Americans have a love affair with trains. The Broadway musical “On the Twentieth Century” and the Cary Grant-starring feature film “North by Northwest” both glorify the heyday of the 20th Century Limited, the most famous sleeper train in the world.
Young children sit fascinated as they watch freight trains roll by. Even metropolitan subway systems have been featured in many movies, as well as The Kingston Trio’s song, “M.T.A.” and Duke Ellington’s classic song, “Take the A Train.”
The Smithsonian National Museum of American History in Washington had a huge exhibit devoted entirely to decommissioned locomotives.
Generally, the love of something leads to the purchase (or adoption) of it. But almost no American can afford to buy a working railroad train, and even if he could, where would he drive it?
So the next best thing is a working scale model of one. That’s what model railroading is all about.
Train lovers build and display elaborate, detailed, miniature replicas of actual railroads from America’s heyday of train travel in their basements, garages, or any room they have that can hold such a setup. The trains actually traverse the tracks, often with sound effects of whistles and engines.
Additionally, the tracks may run across bridges or through towns, train stations, mountains, and wooded areas, all recreated with the same level of detail as the trains.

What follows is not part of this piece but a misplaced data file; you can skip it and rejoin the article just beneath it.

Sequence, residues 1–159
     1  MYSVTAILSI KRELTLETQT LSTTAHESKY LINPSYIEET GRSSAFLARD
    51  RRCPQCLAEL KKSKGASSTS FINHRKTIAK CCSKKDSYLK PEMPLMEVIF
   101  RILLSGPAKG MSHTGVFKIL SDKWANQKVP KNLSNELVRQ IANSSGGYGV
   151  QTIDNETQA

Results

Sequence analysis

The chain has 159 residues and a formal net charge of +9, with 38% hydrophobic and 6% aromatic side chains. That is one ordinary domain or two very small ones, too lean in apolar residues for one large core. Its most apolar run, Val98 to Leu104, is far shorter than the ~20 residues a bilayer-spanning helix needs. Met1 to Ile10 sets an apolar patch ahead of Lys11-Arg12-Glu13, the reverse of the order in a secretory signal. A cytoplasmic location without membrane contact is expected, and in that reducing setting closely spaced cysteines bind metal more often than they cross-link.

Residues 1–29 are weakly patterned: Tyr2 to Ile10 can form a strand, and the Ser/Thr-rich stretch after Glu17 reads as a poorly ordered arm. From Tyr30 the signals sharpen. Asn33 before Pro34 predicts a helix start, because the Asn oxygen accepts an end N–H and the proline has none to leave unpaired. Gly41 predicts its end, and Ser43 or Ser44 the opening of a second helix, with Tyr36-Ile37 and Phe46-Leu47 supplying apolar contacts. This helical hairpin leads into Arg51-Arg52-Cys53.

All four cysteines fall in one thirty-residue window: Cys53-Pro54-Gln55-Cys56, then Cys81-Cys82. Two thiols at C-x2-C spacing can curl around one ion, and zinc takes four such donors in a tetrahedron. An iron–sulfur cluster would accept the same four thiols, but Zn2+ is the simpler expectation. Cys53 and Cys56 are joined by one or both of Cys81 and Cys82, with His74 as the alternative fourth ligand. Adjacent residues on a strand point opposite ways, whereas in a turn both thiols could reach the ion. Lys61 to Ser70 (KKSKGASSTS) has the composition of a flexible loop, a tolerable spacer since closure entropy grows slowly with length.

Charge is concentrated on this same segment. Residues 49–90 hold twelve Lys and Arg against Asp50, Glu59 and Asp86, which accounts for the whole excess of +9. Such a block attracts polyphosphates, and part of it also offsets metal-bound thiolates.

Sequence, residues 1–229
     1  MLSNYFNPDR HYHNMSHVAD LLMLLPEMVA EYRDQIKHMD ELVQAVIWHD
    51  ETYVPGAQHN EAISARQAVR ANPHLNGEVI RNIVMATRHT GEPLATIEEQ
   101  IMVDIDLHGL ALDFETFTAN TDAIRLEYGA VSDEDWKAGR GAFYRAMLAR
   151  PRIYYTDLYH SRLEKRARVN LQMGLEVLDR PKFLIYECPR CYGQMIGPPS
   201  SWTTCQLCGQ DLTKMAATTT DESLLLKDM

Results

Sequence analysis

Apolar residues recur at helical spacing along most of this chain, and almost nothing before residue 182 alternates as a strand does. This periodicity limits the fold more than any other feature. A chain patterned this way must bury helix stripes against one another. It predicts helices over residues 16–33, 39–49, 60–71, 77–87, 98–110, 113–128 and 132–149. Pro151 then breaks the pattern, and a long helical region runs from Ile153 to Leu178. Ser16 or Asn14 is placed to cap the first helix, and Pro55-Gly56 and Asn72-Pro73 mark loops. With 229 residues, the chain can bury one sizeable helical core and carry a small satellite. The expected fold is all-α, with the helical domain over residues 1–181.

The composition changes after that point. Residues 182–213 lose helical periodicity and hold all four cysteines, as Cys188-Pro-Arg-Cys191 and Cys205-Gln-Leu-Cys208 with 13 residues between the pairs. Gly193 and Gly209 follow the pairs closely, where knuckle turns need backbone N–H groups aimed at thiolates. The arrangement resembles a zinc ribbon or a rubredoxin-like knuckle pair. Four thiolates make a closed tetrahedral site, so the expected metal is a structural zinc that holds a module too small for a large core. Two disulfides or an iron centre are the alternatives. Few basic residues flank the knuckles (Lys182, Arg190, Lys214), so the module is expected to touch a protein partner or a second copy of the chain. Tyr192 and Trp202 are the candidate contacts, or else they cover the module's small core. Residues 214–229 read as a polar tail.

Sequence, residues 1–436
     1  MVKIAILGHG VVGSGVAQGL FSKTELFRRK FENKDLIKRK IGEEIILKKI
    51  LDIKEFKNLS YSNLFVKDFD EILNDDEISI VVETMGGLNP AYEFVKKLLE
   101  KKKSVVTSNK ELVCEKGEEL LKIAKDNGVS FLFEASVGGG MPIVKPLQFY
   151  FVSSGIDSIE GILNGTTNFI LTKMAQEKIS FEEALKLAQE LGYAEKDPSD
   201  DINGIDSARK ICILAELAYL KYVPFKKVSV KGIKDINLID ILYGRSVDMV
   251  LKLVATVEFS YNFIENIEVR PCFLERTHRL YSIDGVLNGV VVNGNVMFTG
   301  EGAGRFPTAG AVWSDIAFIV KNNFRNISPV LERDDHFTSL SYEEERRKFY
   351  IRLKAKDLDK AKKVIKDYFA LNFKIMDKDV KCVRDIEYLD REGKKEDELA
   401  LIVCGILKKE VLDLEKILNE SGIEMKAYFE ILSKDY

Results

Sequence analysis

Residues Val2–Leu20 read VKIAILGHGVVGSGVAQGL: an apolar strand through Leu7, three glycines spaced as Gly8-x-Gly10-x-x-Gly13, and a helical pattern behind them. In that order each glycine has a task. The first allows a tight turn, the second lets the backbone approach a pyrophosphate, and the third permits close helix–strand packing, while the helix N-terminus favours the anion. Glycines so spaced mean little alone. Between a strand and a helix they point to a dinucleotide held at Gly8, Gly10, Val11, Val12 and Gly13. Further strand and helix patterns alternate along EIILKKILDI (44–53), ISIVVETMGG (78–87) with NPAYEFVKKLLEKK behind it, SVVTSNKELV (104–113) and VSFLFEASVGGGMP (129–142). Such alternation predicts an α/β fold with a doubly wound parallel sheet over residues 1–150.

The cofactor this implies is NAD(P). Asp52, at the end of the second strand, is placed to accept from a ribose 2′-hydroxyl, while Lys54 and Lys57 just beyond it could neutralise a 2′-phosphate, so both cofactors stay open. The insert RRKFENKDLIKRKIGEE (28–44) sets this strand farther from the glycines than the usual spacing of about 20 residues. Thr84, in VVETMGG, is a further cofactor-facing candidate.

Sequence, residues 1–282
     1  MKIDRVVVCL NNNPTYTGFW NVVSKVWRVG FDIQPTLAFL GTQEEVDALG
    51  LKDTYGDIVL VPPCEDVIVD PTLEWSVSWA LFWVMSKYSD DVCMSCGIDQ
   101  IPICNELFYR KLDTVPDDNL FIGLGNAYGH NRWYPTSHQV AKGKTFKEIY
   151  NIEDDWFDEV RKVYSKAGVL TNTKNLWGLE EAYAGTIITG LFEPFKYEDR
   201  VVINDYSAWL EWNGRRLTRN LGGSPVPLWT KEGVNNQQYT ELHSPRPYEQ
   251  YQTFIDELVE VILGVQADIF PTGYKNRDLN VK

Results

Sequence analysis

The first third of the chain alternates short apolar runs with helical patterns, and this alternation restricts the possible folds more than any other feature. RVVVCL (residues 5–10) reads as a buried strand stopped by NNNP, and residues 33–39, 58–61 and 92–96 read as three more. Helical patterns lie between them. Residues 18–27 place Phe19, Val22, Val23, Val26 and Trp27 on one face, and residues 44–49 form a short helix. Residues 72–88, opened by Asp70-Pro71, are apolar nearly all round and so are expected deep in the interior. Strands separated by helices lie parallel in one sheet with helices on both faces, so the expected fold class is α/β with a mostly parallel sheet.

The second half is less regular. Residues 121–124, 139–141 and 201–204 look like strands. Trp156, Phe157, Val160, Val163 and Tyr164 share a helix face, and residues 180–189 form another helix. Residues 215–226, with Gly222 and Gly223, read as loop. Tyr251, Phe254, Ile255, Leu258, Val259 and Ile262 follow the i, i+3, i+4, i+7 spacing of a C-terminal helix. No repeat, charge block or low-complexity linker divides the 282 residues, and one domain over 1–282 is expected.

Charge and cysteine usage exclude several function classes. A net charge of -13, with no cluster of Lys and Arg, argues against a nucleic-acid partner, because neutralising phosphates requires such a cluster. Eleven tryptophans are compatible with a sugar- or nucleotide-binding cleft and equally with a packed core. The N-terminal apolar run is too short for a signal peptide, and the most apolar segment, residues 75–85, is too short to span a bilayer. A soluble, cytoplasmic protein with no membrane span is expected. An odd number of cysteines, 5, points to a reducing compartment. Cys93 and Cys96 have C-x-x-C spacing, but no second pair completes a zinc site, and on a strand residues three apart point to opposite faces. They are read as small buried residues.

Love of Trains
Members of the West Island Model Railroad Club on Long Island, New York, are all men, many of whom are retired or near retirement. One could argue that these guys in their 50s, 60s, and beyond are essentially playing with toys.
They agree without hesitation.
“It’s exactly what it is and a lot of us have earned the right to,” the club’s president, Vic Grappone, says.
“We are all babies at heart. We never grew up, and we love it,” club member Alan Alcabes told The Epoch Times the day before his 81st birthday.
His attraction to trains is nothing new.
“I can’t remember a time when I didn’t love trains. I was fascinated even when I was a little boy growing up in the City of New York,” he said.
As a youth, Alcabes experienced the glory days of American railroads.
“Some of us had the benefit of growing up in the golden age when there were still private railroads and passenger service,” he said. “It was really exciting, and we thought it was always going to be that way, but things change.”
His father bought him a train set in 1946, and he’s collected them ever since, although there was a long stretch of time when working and raising a family didn’t allow him the luxury of playing with trains.
Alcabes got married in 1963, and his wife not only accepts his hobby, but partakes in “railroad trips and excursions” with him throughout the United States and Europe.
The club occupies a 5,600-square-foot space on a single floor in a building in Hicksville, New York, and just about all of it is one huge model railroad setup.
The simulation replicates actual historic rail lines from New York through New Jersey and Pennsylvania.
The club currently has about 75 members, and different ones build and maintain the various locations throughout the lines.
The trains can get pricey. A single engine or club car can cost more than $300. Some cost up to $800. Thirty percent or more of the ones at West Island were donated by members.